Hollywood star Ben Affleck Wednesday called on President Barack Obama to directly engage with President Joseph Kabila of the Democratic Republic of Congo to encourage him to live up to his commitment to security reforms.
The actor and activist was appearing before the Senate Foreign Relations Committee to testify alongside Russell Feingold, the U.S special envoy for the Great Lakes region and Congo, and Roger Meece, former U.S ambassador to Congo.
The hearing, before the U.S. Senate's Foreign Relations Committee, came three months after M23, an eastern-DRC-based rebel group, announced it was ending its 19-month uprising against the Kinshasa government.
"If it were not for bold leadership by you, the U.S Congress, together with the Obama administration, Congo would not be at this important turning point," said Affleck.
The star who is also the founder of Eastern Congo Initiative, a grant-making and advocacy organization working in Congo urged the Obama administration to play a greater role in the DRC's future.
"I am also here today with an urgent message: Our work in DRC is not finished," said Affleck. "We cannot risk diminished U.S leadership at a time when lasting peace and stability are within reach."
Sen. John McCain said he found Affleck's expertise credible and remarkable. "Your credibility is really remarkable because of the depth of your commitment," said McCain.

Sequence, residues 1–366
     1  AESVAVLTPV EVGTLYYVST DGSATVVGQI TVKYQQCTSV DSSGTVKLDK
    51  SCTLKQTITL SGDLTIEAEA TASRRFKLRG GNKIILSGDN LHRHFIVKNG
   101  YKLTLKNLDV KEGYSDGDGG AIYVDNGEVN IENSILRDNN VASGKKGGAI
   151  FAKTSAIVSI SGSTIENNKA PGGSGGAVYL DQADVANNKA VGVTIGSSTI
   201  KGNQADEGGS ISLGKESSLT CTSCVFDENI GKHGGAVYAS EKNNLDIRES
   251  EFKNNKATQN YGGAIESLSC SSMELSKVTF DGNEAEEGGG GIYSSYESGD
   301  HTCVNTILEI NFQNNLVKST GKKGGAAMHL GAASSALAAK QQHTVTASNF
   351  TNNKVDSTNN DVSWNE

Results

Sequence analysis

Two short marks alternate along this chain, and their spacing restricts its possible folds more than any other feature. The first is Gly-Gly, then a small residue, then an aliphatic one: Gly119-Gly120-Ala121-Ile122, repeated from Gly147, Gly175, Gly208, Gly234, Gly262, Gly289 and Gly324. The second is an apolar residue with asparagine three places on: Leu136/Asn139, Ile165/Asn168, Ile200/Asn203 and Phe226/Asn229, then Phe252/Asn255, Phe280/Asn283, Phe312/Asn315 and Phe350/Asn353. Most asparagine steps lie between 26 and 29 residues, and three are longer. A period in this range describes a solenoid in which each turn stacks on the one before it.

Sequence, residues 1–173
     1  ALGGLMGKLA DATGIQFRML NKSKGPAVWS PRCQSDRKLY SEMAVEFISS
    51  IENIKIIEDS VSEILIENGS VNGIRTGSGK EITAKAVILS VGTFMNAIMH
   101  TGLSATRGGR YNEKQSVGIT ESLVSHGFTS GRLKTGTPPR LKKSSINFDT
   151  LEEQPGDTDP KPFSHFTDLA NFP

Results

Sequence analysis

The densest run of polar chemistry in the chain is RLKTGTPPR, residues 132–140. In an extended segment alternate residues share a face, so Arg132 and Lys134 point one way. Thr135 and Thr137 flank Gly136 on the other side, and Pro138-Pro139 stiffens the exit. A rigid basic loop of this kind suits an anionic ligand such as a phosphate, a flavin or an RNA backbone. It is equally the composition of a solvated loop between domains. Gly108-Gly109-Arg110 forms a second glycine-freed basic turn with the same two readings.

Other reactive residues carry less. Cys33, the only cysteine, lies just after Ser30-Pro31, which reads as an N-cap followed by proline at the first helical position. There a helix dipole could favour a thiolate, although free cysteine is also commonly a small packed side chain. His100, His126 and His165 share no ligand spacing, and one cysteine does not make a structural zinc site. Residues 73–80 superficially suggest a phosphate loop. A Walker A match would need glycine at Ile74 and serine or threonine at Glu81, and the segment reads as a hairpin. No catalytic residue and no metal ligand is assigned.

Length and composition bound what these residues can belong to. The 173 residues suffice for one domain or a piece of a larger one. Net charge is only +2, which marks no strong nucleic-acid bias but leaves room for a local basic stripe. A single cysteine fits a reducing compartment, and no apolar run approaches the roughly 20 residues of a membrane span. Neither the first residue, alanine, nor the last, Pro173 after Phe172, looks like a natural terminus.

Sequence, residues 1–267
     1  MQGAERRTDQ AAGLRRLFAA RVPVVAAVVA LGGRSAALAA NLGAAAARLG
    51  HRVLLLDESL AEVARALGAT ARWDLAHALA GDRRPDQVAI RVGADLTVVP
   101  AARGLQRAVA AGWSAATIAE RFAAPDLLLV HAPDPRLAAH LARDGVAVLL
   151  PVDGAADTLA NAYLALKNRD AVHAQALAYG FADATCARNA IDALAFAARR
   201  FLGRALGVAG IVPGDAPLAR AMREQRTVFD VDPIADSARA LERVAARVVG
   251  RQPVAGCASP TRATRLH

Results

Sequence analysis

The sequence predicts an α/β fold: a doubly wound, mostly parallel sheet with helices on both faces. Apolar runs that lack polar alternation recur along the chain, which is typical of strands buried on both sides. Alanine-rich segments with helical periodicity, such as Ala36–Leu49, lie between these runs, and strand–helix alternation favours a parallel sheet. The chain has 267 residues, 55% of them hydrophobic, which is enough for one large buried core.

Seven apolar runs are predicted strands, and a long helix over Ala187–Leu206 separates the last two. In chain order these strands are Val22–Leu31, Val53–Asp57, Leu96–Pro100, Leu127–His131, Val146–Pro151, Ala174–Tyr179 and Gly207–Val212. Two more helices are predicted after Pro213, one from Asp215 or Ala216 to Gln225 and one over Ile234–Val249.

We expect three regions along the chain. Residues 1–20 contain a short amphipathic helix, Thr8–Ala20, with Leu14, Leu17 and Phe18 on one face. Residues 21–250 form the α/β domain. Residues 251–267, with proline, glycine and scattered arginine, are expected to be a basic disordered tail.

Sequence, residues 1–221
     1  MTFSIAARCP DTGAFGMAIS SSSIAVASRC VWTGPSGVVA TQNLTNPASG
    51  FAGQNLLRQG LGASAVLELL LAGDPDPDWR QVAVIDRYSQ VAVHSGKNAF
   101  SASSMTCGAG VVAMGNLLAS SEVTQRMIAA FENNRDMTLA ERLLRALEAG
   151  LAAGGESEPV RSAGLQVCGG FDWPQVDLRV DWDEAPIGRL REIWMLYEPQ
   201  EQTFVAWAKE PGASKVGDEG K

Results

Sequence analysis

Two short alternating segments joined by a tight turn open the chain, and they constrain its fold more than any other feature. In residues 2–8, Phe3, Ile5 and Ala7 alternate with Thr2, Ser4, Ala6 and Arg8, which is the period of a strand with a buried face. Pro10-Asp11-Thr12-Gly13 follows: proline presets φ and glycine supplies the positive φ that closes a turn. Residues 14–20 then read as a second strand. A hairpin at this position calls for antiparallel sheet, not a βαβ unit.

The Oscar winner who has visited Congo at least nine times, said he was inspired by the stories he hears from women and children.
"They are devastating but also hopeful," said Affleck. "People have the desire to reclaim themselves and their personal dignity."
Both Affleck and Feingold credited U.S. and international engagement for helping bring about M23's military defeat by Congolese government forces.
However, they urged continued international pressure on the Congolese government to implement security sector reforms and organize free and fair elections.
Feingold told legislators the Great Lakes and DRC are, in his words, "at a crossroads." Eastern DRC has experienced two decades of almost uninterrupted warfare and instability including, most recently, the M23 insurgency.
"The decisions that the Congo, the region and the international community take now will set the trajectory of the next several years in terms of security, good governance, and development," said Feingold.
Last year, UN officials accused neighboring Rwanda of supporting M23, prompting U.S. and U.K. sanctions against the Rwandan government, which has always denied the charge.
Feingold emphasized the need to fight all armed groups that continue to prey upon the population in Eastern DRC including a Rwandan group FDLR.
"I continue to emphasize, that it is essential that the FARDC and MONUSCO, conduct military operations against the FDLR and the ADF," said Feingold.
"Following-through on this, is important to building confidence within the region and maintaining MONUSCO’s credibility as an impartial actor."